Guide for dating in North Africa helps you to meet the best girls. This dating guide gives you tips how to date North African women. You will learn rules where and how to flirt with local North African girls. We advise how to move from casual dating to the relationship and find the real love. We also tell the best dating sites in North Africa. In this article below you will find more information where to meet and date girls in North Africa, Africa.
Girls in North Africa:
- Looks of girls: 3.5 - 4.5 / 5
- Attitude of girls: 4 - 4.5 / 5
- Loyalty of girls: 4 - 4.5 / 5
- Education level of girls: 2.5 - 4 / 5
Dating in North Africa:
- Chance of arranging dates: 2 - 3.5 / 5
- Casual dating culture: 1.5 - 3 / 5
- Online dating popularity: 2 - 3 / 5
Sex in North Africa:
- Women's sexual activity: 1.5 - 3 / 5
- One-night stands: 1.5 - 3 / 5
More about North Africa:
- Nightlife in general: 2 - 4 / 5
- Locals' English level: 1.5 - 4 / 5
- Budget per day: US$100 - $600
- Accommodation: US$50 - $350
- 1 Dating
- 2 Women
- 3 Sex
- 4 Best Places to Meet Single Girls
- 5 Relationship
- 6 Love
- 7 Marriage
- 8 Regions
- 9 Cities
- 10 See Also
North Africa is a region encompassing the northern portion of the African continent. While there are many definitions of what makes the region of the continent known as North Africa, one of the most widely accepted description includes Sudan, Egypt, Libya, Tunisia, Algeria, Morocco, Western Sahara and Mali. The countries of North Africa share a common ethnic, cultural and linguistic identity with the Middle East or West Asia such as Islam being the main religion and various Arab dialects being the predominant ethnic group in the countries. In some classifications, the term Sub-Sahara is used to distinguish the rest of the continent from North Africa.
In Muslim society, you can understand that a girl likes you if she stays in one room with you alone. If she wears traditional Muslim clothes, she would express her interest in you by letting you see her face and her hands. The first thing you need to realize is that Muslims can be different. It means that even in the same country, people who call themselves Muslims can live according to different rules and believe in different things. It would be useful to know where particularly the object of your interest is from so that you can monitor the situation there.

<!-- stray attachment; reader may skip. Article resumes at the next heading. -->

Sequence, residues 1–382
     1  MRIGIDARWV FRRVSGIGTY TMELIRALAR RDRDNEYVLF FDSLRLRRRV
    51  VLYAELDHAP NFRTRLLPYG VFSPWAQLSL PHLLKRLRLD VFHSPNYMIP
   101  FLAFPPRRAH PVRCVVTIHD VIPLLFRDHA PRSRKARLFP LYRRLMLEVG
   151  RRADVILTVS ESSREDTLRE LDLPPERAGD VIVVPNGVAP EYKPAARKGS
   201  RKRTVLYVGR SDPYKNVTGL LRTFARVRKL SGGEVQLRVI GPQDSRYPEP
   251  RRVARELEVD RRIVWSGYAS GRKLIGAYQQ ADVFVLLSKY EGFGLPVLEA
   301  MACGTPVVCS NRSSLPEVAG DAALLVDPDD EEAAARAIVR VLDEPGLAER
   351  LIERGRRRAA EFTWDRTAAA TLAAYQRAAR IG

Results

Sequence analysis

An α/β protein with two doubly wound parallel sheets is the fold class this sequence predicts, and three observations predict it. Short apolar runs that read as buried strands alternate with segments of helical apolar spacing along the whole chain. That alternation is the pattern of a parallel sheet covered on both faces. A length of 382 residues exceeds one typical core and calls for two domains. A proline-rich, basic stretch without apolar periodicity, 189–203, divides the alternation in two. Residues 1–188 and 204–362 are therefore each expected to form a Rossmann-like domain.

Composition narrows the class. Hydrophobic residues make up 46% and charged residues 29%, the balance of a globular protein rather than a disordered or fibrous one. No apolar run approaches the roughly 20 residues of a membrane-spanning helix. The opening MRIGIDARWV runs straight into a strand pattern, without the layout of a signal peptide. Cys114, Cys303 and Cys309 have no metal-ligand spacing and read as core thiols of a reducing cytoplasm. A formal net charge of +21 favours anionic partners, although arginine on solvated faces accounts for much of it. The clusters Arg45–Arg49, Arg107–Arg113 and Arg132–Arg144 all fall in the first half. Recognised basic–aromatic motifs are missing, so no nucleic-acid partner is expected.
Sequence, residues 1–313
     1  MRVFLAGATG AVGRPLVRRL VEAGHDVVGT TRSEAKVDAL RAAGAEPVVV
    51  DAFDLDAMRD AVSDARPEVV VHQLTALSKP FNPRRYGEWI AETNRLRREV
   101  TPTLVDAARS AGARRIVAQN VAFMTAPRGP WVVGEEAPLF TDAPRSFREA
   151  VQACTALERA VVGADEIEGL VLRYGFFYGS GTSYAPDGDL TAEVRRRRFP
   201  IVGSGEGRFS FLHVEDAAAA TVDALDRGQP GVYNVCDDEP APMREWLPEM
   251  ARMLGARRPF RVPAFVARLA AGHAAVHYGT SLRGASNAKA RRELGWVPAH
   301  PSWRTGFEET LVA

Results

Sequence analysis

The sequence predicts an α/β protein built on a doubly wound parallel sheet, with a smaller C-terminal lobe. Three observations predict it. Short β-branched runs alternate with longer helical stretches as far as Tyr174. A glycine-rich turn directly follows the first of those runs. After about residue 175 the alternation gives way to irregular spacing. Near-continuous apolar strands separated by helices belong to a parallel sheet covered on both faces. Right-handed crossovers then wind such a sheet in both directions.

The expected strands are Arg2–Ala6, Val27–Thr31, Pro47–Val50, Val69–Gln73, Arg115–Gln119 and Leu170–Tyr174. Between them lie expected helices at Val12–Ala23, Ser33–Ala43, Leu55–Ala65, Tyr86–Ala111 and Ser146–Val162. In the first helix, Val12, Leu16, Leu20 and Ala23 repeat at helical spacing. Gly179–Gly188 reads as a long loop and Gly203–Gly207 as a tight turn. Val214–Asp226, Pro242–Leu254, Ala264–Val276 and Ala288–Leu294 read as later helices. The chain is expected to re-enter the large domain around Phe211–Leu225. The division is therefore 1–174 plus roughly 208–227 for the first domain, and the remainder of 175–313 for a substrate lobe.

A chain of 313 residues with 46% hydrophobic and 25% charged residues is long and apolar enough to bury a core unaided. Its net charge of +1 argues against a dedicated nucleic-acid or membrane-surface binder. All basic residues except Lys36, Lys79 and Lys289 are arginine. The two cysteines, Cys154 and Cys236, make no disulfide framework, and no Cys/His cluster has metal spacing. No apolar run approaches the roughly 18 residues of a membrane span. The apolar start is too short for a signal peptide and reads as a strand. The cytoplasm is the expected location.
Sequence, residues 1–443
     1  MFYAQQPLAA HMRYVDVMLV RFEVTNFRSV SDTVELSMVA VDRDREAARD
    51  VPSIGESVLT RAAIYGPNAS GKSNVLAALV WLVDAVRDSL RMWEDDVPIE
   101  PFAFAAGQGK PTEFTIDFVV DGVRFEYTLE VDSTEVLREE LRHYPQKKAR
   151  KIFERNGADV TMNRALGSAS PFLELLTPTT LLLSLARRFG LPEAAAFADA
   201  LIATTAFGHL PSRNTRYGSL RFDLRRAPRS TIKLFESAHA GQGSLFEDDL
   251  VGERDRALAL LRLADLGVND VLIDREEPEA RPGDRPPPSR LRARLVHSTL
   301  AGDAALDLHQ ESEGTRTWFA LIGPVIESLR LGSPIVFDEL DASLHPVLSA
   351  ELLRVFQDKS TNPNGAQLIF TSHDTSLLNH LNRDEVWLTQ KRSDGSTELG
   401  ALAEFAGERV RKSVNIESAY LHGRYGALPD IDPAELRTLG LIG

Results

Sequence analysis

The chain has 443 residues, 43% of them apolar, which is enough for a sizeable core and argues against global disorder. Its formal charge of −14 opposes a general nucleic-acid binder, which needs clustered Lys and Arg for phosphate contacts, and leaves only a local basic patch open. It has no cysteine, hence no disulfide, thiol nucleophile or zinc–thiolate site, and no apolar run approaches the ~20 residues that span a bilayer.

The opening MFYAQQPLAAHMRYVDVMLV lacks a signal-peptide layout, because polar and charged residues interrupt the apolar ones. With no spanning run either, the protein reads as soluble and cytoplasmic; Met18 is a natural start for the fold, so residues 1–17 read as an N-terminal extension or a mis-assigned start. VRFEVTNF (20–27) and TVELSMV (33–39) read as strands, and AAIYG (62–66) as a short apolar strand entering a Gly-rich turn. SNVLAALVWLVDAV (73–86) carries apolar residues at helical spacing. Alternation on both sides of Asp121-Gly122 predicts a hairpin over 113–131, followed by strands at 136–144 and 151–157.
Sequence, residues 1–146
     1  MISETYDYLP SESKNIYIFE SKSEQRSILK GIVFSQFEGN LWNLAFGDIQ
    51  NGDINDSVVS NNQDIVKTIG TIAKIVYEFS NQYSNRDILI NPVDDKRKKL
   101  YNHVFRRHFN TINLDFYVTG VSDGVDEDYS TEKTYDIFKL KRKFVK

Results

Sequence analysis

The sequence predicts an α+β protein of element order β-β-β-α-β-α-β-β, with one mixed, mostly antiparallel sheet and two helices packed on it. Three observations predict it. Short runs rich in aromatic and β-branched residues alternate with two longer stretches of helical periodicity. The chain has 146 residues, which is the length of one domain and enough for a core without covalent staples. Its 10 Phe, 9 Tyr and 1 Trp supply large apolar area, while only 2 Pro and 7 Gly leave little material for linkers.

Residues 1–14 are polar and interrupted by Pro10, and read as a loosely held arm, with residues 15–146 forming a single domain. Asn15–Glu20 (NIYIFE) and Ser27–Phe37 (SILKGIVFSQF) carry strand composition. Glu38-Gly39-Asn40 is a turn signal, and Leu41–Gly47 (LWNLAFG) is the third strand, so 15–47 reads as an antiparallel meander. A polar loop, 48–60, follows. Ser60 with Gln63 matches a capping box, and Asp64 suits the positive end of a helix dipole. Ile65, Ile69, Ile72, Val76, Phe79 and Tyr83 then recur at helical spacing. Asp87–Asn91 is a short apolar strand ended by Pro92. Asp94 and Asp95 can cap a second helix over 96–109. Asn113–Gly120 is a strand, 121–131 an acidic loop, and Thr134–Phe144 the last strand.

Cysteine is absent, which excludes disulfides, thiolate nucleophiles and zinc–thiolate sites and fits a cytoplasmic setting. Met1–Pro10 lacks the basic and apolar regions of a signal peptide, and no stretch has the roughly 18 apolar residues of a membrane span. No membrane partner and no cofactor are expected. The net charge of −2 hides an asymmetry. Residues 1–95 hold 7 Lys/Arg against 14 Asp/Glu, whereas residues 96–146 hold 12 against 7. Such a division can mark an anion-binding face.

"Dating" as it is currently practiced in much of the world does not exist among Muslims. Young Islamic men and women (or boys and girls) do not enter into one-on-one intimate relationships, spending time alone together and "getting to know one another" in a very deep way as a precursor to selecting a marital partner. Rather, in Islamic culture, pre-marital relationships of any kind between members of the opposite sex are forbidden.
Dating in North Africa can be a bit tricky due to not knowing if you have a solid connection, so your best bet is to sign up for a dating site before you venture to the night club or bar, so you can meet a few locals ahead of time. AdultFriendFinder.com lets you meet local members in North Africa and get to know them on a personal basis before you meet in person. Take advantage of site features like live chat and member to member webcams so you can begin flirting before arranging a face-to-face meeting.
The countries that make up North Africa have unique educational environments because of their relative wealth and strong Islamic faith. Gender norms and roles are very strictly defined to protect a woman's honor and modesty, which have inadvertently become barriers to women receiving equal education as men as women are expected to stay at home and raise a family. These gender expectations devalue women's education and bar girls' access to education. As a result, North African countries such as Egypt and Morocco have higher illiteracy rates for women than other countries with similar GDPs.
Similar to sub-Saharan Africa, women are disproportionately over-represented in the professions of teaching, medicine, and social welfare. Gender stereotypes are further reinforced by the fact that only 20% of women are part of the labor force. This creates a negative cycle wherein women are expected to stay at home, barring them from further educational opportunities, and creating barriers for women to gain the education and skills necessary to find gainful employment.
North African Girls (age 18 - 29)